Mike Massa and I have been bouncing around the ending moments for the first 'book' in his/our Black Tide novel. He had a line for the ending that he admitted was 'trying to channel' the way I do endings/transitions. Those noticeable and memorable closing lines and scenes.
There are scenes you just write. They only have to be 'good enough'. But to really get things solid, there are scenes that have to be as perfect as possible. Openings and closing tend to be the most important scenes. Transitions, moments that are major such as climaxes. One of my favorites, I put days of work into a few words, was 'the last charge of the Kildar'. And it worked. It ended up being perfectly...right.
So I put him through a class. I'm going to replicate it for those interested in the craft of writing.
As originally written:
He felt alert, alive and the helm was rock steady as the boat cruised on step. In his wake, Durante expertly cox'd the second RHIB.
They arrowed into the glooming night.
From his email:
"Yeah, I firmly believe that you have a great eye for the words that paint the end scenes of books / major breaks in action.
'Glooming' was my attempt to channel you. Imperfectly, natch.
There is Smith, for the first time since hell broke loose, finally alone with his thoughts, without pressing tactical concerns. And he is heading from a brightly burning city into a darkness that us deepening to pitch black.
I've done something like that - there's a feeling, you know?"
He's right. There's a feeling. The need for the scene was to capture that feeling. Going from light into darkness was the key. From danger, but light, into the unknown, but dark.
So fire behind them, sun's setting, darkness ahead. They're at sea. There are waves. Waves reflect. Hmmm...
So I started with the last line.
'The waves reflected the sullen red of flames as the boats arrowed into the glooming night.'
'The shadow of the boats broke the sullen red of the waves as they arrowed into the glooming night.'
Yeah. Glooming's just not working for me. Neither is the shadow.
'The waves reflected a sullen red as the boats arrowed into the night.'
Not 'arrowed.' Something...
'The waves reflected a sullen red as the boats /// the /// of flame for the cover of night.'
Starting to lose the feel. Go to the thesaurus. Synonyms for 'left' as in 'left the city behind.' Oh, Jesus, they're ALL political?... Synonyms for 'departed'... Abandoned?
'The waves reflected a sullen red as the boats abandoned the warmth/security/light of flame for the cover of night.'
Okay. So. Cover of night seems to work. The rest, though... it's all too long. Too much to read...
And... security of the flames? What's on fire? Civilization? Left behind civilization?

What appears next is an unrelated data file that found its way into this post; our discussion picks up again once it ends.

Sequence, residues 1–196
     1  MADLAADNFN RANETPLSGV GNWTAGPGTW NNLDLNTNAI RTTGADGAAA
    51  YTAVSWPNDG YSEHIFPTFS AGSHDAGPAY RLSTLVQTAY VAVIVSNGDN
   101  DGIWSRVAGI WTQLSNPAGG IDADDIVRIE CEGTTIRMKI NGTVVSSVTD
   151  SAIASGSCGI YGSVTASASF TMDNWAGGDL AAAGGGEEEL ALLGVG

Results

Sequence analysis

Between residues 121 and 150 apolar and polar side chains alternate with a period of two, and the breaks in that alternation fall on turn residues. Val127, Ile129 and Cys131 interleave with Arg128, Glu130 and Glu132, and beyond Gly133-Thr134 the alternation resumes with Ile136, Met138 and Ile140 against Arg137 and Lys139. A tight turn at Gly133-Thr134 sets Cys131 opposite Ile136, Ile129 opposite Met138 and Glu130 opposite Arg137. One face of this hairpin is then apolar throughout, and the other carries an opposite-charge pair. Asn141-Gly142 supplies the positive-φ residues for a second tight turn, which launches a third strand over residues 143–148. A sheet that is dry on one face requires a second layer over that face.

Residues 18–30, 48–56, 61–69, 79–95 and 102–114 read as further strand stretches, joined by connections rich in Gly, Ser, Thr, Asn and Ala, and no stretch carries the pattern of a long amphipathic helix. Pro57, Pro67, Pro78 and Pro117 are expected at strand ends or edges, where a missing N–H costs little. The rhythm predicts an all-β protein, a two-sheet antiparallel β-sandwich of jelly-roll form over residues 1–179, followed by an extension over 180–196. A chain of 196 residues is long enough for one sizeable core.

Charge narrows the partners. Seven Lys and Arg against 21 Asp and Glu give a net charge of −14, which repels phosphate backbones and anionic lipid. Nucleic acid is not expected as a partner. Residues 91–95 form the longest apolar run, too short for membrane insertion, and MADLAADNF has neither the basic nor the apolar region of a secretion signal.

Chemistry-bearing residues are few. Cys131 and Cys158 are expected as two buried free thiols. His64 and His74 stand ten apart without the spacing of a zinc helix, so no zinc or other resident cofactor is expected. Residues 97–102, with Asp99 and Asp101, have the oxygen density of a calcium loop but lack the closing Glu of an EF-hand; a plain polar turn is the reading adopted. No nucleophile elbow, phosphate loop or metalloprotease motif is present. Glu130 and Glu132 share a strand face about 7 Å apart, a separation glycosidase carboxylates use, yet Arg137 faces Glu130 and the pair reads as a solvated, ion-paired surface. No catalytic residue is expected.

'The waves reflected a sullen red as the boats abandoned the memory of mankind for the cover of night.'
Okay, we're getting there. I like 'memory of man'. That's good. That'll get the goosebumps going on the readers...
'The waves reflected sullen red as the boats left behind the memory of man for the cover of night.'
Too long. Cut 'left behind'. Sounds too much like a Rapture novel...
'The waves reflected sullen red as the boats left the memory of man for the cover of night.'
It stayed that way for quite a while of some other discussion then I looked back at Thesaurus.com and scanned through 'departed' again.
Ooooh... Yeah. Better.
'The waves reflected sullen red as the boats quit the memory of man for the cover of night.'
They're not just 'leaving' they are quitting. They've failed and they've quit all bounds of civilization. Quit totally works.
But... not quite enough. The original last paragraph... wasn't quite right. There were...things. I don't do this by any learned 'school' of writing.
Just a gut feel. There was a lack of...poetry. I actually started out by writing poetry back waaaay before I got published (though there is one prose poem published in a HS yearbook) and this moment required a more poetic approach. It needed a bit of...lyricism. Which mostly comes down to pacing of the prose as well as a bit of rhyme or alliteration plus putting stuff in counter to other stuff. (Best I can explain it.)
The city and New Jersey are pretty fully involved at this point. (Mile Seven left hours before. In fact, Tom was pretty sure he wasn't going to make it and was going to die in the city when he sent the 'Goose' code.)
Final version as the survivors are leaving NYC:
"He felt alert, alive and the helm was rock steady. In his wake, Durante cox'd the second RHIB. The wind from the river brought the smell of things not meant to burn.
“Smoke on the water,” Tom whispered softly. “There’s fire in the sky…”
The waves reflected sullen red as the boats quit the memory of man for the cover of night."
And those are the moments you go: 'Yeah. I'm good.'
Now if I could just get back to doing my own books. Sigh.